From ghoulies and ghosties and long-leggety beasties and things that go bump in the night, Good Lord, deliver us!
My key twisted in the door and I leaned on the handle. Enough time had passed since I said goodbye to my girls to cease any expectation of being greeted by their mews and swishy tails. Dad was at work, but we'd be having dinner soon, and I decided to get there early enough to sift through my mail. On the phone, he'd said he had a surprise for me, so on the drive over I daydreamed possibilities -- a new book? Did he rearrange the furniture or finally place some art on the walls? Curious and excited, I opened the door, only to be greeted by what appeared to be a small person with a skull for a face and long, ratty gray hair. Startled and freaked out, I jumped back and screamed.
Was this the surprise? A heart palpitation? Daring to step closer and peer in once again, I gazed upon the hideous creature, but this time I could see it for what it was -- the vacuum, wearing a T-shirt and a rubber mask. I grimaced as I pushed it out of my way (knowing its true identity did not diminish its creepy presence), and grabbed the phone to dial Dad's office.
Before he could finish his "Hello," I tersely said, "That was not funny!" My father's answering giggle cracked my indignant shell.
"I've been waiting all day for that," he said. Then, as if to assuage his guilt, he added, "Didn't you think it was funny? Just a little?"
"Yeah, Dad, it was a good one. You got me." He was clearly satisfied with his scare conquest; frightening people never gets old for Dad. Last night, he waited outside of the elevator for a neighbor, her husband, and their young daughter. When the door opened on the fourth floor, he leapt forward and yelled, "BOO!" Mother and daughter cringed and shuddered, while the man with them laughed at my father's antics.
Each of my sisters can remember at least one incident in which Dad would hide in a closet or a crevice for up to two hours. Sometimes he'd sit with a prop, like a gorilla glove, to increase his "scare-ability." My mother was always the best reactor, with dramatic, bloodcurdling screams and long "come down" periods, during which she'd say things like, "I can't believe you, Cliff! Are you trying to give me a heart attack?" We never knew when he'd strike. In recent years, though, Dad's little surprises tend to happen only around Halloween.
My family has always been enthusiastic about holidays, from the consumer craze of Christmas to the pranks played on April Fools' Day. All Hallow's Eve was especially fun, for the obvious reason (hint: free candy; we didn't have bags, we had pillowcases). Ours was a stay-at-home mom for most of our youth, and in addition to her yearlong cross-stitch and craft endeavors, come October she would focus her creative talents on our costumes. For a handful of Halloweens, her daughters were "punk rockers," with Reynolds Wrap--assisted hairdos and blue eye shadow.
When I was in junior high, Mom expanded her costume horizon. One year, she painted a spider web across my face, with a black widow crouched on one cheek; the next, I was a lioness, and she helped me transform with various shades of orange and gold. Jenny was a Hershey's Kiss and then a piglet. I have pictures of us, striking our poses, proud of our assiduous attempts to become our costumes. Drama (I mean "acting") runs in my family.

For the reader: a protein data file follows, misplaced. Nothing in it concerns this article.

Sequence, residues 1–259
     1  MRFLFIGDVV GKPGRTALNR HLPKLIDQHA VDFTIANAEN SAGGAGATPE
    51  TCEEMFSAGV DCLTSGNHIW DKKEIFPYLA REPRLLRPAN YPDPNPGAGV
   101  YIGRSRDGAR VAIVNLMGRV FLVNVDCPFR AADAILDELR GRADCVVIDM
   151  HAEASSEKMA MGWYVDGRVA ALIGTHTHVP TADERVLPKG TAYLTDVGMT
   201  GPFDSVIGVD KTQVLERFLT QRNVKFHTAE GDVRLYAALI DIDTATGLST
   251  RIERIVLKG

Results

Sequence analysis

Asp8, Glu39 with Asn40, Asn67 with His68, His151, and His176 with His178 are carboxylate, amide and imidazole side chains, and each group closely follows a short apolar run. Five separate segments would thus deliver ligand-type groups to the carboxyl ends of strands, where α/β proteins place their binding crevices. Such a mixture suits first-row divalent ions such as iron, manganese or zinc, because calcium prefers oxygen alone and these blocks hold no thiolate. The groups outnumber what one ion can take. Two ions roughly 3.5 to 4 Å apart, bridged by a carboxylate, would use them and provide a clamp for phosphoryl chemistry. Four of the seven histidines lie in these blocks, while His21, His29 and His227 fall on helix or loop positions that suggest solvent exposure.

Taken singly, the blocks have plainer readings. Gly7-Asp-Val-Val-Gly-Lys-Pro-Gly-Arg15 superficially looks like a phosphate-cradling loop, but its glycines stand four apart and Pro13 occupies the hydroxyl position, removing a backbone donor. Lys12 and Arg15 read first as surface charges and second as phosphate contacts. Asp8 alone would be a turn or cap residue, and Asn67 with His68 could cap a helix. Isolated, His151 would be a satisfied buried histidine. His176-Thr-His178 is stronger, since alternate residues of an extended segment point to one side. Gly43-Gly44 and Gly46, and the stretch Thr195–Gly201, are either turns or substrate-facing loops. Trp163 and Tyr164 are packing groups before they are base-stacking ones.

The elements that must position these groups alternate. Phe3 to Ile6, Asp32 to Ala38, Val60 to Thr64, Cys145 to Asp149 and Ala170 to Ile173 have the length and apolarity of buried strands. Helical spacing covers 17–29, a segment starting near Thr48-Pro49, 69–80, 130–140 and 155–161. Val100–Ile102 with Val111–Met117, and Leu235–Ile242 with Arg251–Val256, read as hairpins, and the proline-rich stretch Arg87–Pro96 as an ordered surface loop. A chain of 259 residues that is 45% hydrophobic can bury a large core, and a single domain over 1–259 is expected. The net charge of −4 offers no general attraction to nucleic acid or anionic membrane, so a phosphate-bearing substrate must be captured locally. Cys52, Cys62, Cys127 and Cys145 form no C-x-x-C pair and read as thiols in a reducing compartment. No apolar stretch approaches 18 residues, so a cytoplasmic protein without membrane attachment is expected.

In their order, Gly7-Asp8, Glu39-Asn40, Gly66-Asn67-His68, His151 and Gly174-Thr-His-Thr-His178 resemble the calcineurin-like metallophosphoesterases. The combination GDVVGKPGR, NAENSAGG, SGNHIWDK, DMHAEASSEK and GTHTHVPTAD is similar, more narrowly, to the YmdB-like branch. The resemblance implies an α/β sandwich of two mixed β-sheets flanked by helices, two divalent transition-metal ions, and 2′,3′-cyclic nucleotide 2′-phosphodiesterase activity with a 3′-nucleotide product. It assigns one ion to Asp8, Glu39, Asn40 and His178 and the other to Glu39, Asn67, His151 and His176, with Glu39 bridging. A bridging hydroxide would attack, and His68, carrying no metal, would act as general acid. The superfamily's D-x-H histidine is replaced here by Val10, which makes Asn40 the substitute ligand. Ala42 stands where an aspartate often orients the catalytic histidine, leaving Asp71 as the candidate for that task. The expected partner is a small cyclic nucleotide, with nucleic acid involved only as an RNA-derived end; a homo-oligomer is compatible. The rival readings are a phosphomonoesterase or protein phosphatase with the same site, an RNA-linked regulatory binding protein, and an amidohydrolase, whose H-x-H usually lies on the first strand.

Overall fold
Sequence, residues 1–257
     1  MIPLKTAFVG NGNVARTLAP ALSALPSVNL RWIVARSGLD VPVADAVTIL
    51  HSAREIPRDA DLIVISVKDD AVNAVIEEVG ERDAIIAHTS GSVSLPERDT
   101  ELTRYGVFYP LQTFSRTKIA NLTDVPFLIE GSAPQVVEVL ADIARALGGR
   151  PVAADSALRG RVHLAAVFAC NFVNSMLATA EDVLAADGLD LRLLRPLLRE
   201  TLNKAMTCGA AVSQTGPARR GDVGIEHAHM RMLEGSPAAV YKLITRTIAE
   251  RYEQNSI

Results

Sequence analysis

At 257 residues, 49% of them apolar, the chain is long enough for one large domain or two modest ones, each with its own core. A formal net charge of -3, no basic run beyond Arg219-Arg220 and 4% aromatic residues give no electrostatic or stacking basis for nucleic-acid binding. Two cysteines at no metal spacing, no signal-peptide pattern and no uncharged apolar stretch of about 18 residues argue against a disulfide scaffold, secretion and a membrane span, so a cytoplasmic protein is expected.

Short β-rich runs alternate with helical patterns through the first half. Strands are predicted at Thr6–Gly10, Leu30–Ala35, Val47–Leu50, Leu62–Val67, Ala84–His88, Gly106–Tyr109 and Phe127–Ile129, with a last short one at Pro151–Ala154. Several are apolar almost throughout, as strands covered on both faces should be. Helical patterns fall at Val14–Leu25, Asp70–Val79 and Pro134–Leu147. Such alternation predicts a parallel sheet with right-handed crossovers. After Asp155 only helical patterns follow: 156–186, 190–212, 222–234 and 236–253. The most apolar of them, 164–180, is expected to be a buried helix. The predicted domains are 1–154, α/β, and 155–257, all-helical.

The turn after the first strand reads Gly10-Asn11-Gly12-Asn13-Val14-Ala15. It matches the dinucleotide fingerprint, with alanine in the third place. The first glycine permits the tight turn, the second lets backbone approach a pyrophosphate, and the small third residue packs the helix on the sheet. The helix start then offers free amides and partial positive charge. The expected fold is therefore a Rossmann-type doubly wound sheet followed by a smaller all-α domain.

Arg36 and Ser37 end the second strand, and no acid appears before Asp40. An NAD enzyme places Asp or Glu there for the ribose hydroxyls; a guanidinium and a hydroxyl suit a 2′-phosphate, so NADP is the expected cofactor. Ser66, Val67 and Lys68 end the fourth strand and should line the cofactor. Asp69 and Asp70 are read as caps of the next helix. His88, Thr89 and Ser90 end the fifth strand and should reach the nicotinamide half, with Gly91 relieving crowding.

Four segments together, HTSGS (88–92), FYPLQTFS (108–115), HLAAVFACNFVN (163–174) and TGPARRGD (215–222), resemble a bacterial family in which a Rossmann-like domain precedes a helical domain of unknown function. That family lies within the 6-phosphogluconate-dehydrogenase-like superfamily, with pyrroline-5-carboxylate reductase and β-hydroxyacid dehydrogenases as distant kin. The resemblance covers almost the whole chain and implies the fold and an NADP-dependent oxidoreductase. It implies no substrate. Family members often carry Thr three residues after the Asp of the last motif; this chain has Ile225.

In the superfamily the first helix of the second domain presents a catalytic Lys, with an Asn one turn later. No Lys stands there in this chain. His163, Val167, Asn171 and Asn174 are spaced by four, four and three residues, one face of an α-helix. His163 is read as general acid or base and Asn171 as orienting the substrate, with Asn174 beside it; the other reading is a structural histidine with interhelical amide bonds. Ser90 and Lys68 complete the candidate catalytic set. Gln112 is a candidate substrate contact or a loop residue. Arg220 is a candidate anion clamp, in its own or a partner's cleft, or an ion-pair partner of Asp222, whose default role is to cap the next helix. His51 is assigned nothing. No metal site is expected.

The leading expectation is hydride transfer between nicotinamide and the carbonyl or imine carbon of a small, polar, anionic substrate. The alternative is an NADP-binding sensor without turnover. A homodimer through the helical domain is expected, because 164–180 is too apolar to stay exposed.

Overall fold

But one Halloween getup remains paramount: better than Medusa, much more clever than a Renaissance courtesan. It was the year I dressed as if I were part of the Disney Electrical Lights Parade gone vamp. It just doesn't get any more fabulous than that. I couldn't have done it myself; my friend Gino not only came up with the idea, but he also made the costumes. I was wired with lights sewn throughout the layers of my black taffeta skirt, pointing out from my nipples through my black bustier, weaved in the beehive of hair on my head. Battery packs were stashed all over my body, and each little white light blinked in sync with the others. Gino's top hat was also lined with the miniature bulbs, as were his vest and knickers. We traipsed the streets downtown, mechanically waiving our arms, gracefully accepting accolades from other revelers.
In recent years, however, I've been copping out when it comes to dressing up. The stress of finding the right costume can be overwhelming (for an arbitrary perfectionist), and it became too easy to find something to wear that was already in my closet. Hence the redundancy of my dominatrix outfit. Three years ago, I went to work with a low-cut shirt and a little silver whip. The following year, I took it up a notch with the addition of a silver mask to my office costume. That evening, I donned a full ensemble -- complete with a slave in a black leather straitjacket -- to an event at the Honey Bee Hive.
A corset here, a riding crop there, a boa -- I mean, my friends see me like this throughout the year, so what's the big deal on Halloween? Though I love seeing what other people come up with, I've stopped trying altogether. I know, party pooper. But it's so much easier this way. This year, as with the last, I attended "costume-optional" soirées: A potluck in South Park, then a party in Kensington.
The hostesses (and hosts) of these events have more than enough enthusiasm for the 31st to cover those, like me, who show up to see but have nothing to show. At the potluck, each food is renamed something spooky -- it's not spinach dip, it's goblin's blood. The dishes are tasty (especially Christy's specialty, a rice casserole baked inside of a pumpkin), and the people are -- well, they're my friends, so the fabulous, fantastic, and spectacular are assumed.